I promise you’re in good company. I wake up every morning with the intention of doing better, and many nights I go to bed beating myself up. Here’s the thing: All of that beating ourselves up means we’re paying attention. We’re trying. If you go to bed at night and don’t question at least one thing you did or said during the day, good for you; you might be a psychopath. I’m kidding obviously, kinda, but isn’t awareness always the first step whether we’re addressing addiction or overeating or yelling at our kids? We can’t change anything until we realize there’s something that might need to be changed.

You’re not alone, friend. I’ve felt this more times than I can count. And I’ve had this discussion with so many great moms because I surround myself with fabulous women who overthink their parenting. Never had it with a bad mom though…go figure.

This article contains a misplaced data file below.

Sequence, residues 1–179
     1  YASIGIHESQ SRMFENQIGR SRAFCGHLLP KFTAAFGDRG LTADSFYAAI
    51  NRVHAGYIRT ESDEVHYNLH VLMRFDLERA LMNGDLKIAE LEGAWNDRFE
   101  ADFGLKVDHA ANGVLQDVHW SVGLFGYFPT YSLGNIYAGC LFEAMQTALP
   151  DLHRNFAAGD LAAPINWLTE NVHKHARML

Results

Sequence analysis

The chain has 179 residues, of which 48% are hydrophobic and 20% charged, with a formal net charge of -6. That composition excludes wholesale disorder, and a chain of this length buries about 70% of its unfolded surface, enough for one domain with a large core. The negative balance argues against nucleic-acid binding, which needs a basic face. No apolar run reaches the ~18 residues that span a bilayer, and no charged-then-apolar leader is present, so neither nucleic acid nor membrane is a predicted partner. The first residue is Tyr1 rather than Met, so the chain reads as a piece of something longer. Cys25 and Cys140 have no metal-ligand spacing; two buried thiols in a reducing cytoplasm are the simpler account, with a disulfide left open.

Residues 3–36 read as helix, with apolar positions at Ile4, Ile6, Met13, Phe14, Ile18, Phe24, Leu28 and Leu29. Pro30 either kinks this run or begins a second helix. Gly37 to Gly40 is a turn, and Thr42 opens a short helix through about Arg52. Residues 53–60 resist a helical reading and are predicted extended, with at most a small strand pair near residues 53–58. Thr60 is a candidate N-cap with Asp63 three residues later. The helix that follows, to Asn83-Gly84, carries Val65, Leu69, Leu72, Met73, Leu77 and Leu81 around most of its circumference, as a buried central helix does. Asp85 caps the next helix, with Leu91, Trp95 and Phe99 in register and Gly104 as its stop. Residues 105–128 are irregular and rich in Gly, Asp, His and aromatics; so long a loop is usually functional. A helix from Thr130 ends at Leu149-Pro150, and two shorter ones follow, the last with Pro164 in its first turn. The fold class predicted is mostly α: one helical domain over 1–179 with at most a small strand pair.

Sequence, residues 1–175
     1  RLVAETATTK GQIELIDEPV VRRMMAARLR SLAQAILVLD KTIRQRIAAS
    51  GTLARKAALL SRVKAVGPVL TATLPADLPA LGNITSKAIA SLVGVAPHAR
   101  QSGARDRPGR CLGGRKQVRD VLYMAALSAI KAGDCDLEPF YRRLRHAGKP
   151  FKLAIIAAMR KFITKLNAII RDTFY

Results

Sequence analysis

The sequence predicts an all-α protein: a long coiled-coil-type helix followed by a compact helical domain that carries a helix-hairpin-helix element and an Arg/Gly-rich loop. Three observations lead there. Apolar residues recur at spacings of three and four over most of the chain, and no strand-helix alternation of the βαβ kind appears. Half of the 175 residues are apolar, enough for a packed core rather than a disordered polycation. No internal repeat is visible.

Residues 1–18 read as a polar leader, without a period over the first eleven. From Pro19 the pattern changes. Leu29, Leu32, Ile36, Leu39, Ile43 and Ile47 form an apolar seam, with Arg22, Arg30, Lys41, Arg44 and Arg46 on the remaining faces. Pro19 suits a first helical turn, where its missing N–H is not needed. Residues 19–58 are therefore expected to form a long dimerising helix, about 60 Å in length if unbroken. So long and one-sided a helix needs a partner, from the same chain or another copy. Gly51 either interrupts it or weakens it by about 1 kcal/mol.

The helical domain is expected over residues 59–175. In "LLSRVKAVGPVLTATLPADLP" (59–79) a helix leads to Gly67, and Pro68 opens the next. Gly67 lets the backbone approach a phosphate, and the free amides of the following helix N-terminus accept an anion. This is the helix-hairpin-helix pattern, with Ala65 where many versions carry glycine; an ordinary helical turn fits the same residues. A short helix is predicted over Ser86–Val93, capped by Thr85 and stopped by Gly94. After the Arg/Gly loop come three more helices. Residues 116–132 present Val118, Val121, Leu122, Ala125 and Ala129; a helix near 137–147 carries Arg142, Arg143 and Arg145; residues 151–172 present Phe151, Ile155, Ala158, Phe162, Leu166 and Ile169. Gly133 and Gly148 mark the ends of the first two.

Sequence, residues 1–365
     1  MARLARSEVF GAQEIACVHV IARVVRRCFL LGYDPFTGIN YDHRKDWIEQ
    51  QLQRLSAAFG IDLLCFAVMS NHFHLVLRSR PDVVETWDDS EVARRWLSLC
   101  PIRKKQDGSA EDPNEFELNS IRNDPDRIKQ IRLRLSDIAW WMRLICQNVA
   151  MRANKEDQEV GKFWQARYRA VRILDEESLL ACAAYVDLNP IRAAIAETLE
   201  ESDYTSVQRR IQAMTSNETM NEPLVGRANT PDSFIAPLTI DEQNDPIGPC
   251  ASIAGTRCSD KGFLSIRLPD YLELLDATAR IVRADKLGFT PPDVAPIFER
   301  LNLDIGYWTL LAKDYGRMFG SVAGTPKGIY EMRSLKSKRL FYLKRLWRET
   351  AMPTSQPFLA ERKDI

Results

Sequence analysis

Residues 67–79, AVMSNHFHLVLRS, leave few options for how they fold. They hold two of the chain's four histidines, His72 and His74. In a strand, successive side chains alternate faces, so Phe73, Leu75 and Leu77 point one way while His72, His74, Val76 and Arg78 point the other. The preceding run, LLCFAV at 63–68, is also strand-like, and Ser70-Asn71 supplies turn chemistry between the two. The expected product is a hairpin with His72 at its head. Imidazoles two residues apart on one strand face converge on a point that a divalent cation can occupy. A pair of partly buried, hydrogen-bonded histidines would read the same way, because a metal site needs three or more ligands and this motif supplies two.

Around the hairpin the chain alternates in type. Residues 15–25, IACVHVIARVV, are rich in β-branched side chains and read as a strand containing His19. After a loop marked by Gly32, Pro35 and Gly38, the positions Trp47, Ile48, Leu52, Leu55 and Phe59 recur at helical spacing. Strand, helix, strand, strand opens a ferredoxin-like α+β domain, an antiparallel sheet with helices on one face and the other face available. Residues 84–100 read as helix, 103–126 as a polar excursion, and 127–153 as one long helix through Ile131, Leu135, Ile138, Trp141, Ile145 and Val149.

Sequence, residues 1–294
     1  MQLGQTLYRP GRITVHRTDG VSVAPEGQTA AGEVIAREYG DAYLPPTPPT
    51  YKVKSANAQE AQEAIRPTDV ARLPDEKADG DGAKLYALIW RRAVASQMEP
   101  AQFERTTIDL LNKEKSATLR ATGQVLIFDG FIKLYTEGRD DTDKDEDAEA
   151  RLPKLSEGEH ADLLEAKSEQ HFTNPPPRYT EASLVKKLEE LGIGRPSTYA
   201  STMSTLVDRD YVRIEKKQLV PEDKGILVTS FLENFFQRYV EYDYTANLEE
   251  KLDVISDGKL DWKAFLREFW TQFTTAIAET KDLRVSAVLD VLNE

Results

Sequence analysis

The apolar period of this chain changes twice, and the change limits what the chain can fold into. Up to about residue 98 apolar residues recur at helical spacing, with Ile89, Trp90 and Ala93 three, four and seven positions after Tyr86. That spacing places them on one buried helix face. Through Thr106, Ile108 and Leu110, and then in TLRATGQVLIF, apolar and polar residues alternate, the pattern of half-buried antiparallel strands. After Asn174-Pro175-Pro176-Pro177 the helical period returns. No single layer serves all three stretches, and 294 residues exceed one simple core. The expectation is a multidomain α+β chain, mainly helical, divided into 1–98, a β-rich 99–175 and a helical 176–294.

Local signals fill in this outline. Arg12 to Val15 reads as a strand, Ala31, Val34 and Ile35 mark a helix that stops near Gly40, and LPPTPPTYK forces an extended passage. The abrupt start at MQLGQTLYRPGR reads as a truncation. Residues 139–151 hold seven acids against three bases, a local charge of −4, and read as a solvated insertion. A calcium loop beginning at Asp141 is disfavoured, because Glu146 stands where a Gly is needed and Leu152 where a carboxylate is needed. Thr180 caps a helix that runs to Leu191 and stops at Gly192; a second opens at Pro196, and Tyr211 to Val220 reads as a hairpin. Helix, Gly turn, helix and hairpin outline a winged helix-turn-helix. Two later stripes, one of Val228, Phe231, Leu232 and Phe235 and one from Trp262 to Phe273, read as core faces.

Here’s the thing: If you wake up every morning trying to do better, you’re probably already doing great. Give yourself a break. I yell at my kids too much. But I also say, “You know what…I’m sorry I yelled about that. I was feeling [insert whatever emotion or baggage I projected onto the situation] and reacted inappropriately.” They’re well-versed in Brene Brown and Shefali Tsabary.

We’re human. We fuck up. That’s not going to change. But we can accept those times we fall short as normal, own our behavior, and keep on keeping on. Works in progress, sweetheart, works in progress.

If you haven’t already read this article by Glennon Doyle Melton, I suggest you read it, frame it, tattoo its wisdom somewhere on your body, because it’s pure gold.

xoxo

Eternal Sunshine and Other Nonsense